Jennifer Aniston on the back. This resulted in lots of waves and whistles from
admirers whenever me and my traveling companions stopped for gas or to set up
The only way to access the interior of the beast was
through the boot, as we had to climb over the piles of bags, beer, and
backpacks that filled the cramped space. In a way, this made the car somewhat
Throughout the journey, the car experienced frequent
breakdowns, almost every time we turned the engine off. However, our backpacker
ingenuity saved us time and time again. We used graphite pencils to fix the
distributor cap and changed the fan belt and oil every other day. My Scottish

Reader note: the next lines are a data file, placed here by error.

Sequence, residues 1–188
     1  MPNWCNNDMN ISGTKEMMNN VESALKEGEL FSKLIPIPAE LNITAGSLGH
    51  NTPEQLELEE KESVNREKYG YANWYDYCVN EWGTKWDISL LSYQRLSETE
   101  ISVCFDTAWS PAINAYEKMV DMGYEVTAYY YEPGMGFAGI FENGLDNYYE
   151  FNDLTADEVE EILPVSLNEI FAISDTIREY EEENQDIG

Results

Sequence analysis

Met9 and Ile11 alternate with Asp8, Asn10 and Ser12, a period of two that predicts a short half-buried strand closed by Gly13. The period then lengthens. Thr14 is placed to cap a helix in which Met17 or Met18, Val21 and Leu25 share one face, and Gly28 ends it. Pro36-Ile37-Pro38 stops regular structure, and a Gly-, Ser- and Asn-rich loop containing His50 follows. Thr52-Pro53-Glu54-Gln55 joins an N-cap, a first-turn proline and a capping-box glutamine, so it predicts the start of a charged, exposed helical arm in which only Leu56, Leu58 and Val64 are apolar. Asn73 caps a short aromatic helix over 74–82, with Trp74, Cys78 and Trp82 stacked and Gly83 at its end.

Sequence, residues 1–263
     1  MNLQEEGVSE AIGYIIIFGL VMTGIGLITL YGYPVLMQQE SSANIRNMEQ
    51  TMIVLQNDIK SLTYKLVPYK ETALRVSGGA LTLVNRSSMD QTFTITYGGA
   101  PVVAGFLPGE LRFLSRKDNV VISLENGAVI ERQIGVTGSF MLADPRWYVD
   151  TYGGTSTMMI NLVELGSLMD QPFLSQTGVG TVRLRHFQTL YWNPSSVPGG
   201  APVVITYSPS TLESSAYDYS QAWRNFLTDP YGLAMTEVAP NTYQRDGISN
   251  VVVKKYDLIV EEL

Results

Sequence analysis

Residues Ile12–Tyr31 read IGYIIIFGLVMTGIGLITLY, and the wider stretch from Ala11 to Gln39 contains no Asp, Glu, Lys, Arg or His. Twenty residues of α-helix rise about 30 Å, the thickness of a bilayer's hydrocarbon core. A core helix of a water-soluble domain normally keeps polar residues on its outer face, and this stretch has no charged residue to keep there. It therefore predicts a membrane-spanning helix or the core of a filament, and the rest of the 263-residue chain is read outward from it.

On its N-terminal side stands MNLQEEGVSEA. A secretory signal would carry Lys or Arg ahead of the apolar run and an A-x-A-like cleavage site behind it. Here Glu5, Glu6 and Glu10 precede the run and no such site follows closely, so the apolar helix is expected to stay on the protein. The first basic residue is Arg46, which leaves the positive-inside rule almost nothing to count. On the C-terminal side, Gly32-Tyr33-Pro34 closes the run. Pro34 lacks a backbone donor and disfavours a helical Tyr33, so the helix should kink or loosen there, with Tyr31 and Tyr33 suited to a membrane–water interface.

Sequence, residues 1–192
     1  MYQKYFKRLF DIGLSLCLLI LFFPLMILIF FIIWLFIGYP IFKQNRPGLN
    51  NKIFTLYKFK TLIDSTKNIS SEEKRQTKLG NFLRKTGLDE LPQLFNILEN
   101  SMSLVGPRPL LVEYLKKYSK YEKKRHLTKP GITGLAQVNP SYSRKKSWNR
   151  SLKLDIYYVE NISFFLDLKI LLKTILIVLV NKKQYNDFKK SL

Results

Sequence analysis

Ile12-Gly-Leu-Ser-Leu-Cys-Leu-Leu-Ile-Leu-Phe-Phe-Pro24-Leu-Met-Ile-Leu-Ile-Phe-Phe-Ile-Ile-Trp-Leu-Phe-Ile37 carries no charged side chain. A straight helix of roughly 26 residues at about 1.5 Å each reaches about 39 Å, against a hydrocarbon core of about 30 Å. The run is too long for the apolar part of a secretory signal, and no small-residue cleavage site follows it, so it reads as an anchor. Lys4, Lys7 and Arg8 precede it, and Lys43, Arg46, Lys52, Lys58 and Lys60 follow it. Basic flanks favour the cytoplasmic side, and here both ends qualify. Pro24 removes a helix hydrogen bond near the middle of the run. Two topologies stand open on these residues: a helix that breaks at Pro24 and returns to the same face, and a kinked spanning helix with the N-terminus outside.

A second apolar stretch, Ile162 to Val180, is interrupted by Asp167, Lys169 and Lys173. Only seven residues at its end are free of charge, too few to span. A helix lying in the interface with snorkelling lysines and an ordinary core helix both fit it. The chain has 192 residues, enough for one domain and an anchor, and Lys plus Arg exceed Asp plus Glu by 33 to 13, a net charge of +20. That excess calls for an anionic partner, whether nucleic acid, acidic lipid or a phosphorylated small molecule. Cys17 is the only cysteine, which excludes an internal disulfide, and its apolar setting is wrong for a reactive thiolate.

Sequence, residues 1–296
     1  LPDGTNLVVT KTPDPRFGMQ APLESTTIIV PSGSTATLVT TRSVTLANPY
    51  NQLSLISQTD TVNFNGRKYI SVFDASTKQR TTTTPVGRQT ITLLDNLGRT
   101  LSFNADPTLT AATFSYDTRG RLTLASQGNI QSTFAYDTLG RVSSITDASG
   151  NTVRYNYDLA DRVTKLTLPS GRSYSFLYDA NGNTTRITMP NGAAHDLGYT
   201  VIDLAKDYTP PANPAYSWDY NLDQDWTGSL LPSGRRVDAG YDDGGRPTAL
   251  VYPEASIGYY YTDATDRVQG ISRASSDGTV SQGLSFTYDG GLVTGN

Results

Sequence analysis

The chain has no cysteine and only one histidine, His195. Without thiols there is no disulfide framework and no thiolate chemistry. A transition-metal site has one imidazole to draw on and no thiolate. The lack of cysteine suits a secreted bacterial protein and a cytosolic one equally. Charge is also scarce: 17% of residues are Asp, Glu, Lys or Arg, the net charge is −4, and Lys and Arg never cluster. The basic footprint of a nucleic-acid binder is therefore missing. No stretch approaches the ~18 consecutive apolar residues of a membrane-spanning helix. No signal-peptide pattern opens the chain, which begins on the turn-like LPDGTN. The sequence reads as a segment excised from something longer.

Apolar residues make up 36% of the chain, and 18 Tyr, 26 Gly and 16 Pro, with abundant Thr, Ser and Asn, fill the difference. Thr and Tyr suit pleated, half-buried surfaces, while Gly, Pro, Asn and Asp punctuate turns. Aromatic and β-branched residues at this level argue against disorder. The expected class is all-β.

friend became skilled at crafting water bongs out of juice cartons and rubber
hoses, which made the entire trip feel like a warm, hazy blur.
Although I never drove under the influence, the monotony of
the long, straight road leading south from Darwin had a similar effect on me.
There were no left or right turns, and we occasionally played bush cricket with
oncoming traffic. In retrospect, relying on this beat-up beast for such a long
journey wasn’t the cleverest of ideas. The constant breakdowns and maintenance
demands only added to the challenges we faced, but we made the most of it and
embraced the adventure.
“Look where we are, man!”
Fitzroy Crossing was six hundred kilometres that way, Halls
Creek was about the same that way, and there’s nothing but desert in between.
In fact, if it weren’t for this bare stretch of raggedy bitumen, we would be in